Plant strategies are combined with a mixture of response types to tolerate stresses in practice [2]. The findings of this study showed that obvious xerophytic anatomical traits and stronger osmotic adjustment of L. chinensis with the increase of stresses along the gradient are combination of adaptive strategies to survive the broad-scale environmental variations in Northeastern China. There were significant correlations among the anatomical and physiological traits (Table 3), as well as between the anatomical plasticity and osmotic adjustment (e.g. proline and soluble sugar accumulation and K+/Na+) (P<0.05). This combination of mixture strategy types promotes plants to tolerate large-scale environmental stresses (e.g. drought and temperature changes) successfully, because the function of anatomical and physiological strategies is compensatory [8]. The significant relationships between both anatomical and physiological plasticity and precipitation support our hypothesis that the decrease of precipitation from the east to the west along the large-scale geographical gradient was one of the critical factors related with adaptive strategies of L. chinensis in the study area. These results suggested that the plants in environmental stresses (e.g. drought and salt) should have much more anatomical and physiological plasticity than those in non-stress conditions, this may explain the fact that L. chinensis can widely distribute at eastern Eurasian steppe zone, from moist meadows in western part of the Northeast Plain to dry typical steppes and desert grasslands in the Mongolian Plateau.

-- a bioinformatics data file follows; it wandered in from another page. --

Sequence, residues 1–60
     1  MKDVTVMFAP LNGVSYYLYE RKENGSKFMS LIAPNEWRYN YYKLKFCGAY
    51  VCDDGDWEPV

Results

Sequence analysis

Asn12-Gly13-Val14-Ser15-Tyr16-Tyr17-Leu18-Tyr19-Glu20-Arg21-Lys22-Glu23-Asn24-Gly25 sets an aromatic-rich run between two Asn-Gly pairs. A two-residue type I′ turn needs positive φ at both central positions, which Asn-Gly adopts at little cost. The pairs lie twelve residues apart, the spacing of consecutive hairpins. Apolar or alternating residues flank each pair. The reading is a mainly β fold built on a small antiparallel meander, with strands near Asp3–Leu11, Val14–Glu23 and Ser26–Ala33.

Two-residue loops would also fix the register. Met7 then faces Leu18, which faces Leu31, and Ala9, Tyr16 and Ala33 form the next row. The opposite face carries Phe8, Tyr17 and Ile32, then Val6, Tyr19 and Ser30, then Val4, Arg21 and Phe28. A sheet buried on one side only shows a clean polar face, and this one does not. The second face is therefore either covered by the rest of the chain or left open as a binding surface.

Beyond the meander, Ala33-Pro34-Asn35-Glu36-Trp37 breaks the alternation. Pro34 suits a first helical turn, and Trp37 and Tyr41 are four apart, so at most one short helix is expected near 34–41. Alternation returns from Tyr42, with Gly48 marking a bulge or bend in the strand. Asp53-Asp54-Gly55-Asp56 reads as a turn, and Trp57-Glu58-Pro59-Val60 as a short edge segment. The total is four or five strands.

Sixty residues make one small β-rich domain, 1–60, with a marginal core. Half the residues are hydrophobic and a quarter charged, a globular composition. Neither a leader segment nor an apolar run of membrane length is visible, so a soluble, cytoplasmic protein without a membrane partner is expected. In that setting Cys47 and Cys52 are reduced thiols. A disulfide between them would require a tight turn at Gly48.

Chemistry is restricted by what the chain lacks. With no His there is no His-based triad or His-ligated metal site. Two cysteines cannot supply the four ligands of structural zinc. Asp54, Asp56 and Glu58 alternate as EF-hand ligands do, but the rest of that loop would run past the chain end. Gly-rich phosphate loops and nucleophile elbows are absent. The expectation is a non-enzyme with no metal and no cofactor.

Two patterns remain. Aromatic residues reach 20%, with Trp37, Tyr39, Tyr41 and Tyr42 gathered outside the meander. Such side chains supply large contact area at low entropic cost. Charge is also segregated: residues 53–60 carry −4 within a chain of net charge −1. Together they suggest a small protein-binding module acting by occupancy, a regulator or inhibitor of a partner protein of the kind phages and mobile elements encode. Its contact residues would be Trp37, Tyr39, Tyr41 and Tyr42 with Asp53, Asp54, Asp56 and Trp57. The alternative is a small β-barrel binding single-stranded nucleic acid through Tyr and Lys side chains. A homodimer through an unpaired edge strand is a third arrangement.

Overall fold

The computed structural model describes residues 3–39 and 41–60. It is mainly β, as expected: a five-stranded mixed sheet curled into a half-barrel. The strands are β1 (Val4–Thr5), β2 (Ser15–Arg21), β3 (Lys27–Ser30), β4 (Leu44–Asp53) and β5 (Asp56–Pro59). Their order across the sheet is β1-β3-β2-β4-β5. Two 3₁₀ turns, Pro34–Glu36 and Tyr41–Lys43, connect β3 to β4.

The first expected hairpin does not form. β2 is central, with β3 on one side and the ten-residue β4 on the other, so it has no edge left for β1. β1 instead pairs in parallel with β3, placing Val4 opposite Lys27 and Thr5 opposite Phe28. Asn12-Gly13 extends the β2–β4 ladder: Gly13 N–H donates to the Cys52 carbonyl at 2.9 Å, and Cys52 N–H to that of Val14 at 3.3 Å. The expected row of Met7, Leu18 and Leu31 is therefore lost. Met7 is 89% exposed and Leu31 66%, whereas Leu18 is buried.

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Table 3. Correlations between anatomical and physiological traits (trait/trait) in Leymus chinensis at large scale gradient in northeast China (* P<0.05, ** P<0.01).

https://doi.org/10.1371/journal.pone.0026209.t003

Materials and Methods

Study sites

The experiment was conducted on a large-scale geographical gradient, ranging from 43°16′ to 44°35′ N; 115°43′ to 124°16′ E, about 900 km from the west to the east, from 2008 to 2009 (Table 4). 10 sites, selected for plant sampling on the gradient, have similar light regimes, but differ in longitude, precipitation and altitude. Native grasslands dominated by L. chinensis are widely distributed on the large-scale gradient. Due to the steep decrease of precipitation from the east to the west, vegetations vary gradually from moist meadows in the east to typical steppes and desert grasslands in the west with agricultural fields and shrubs in the middle [5], [18]. L. chinensis meadow grasslands along the gradient have dark meadow soil and chernozem in the east, while those of typical steppes and desert grasslands have chernozem and chestnut in the west. The elevations of the gradient increased from 142–156 m above sea level (a.s.l.) in the east to 1086–1306 m a.s.l. in the west (Table 4). For at least 10 years prior to 2009, the sites, selected for the study, had never been grazed, ploughed, fertilized or burned, but transient floods may occur in the eastern meadows.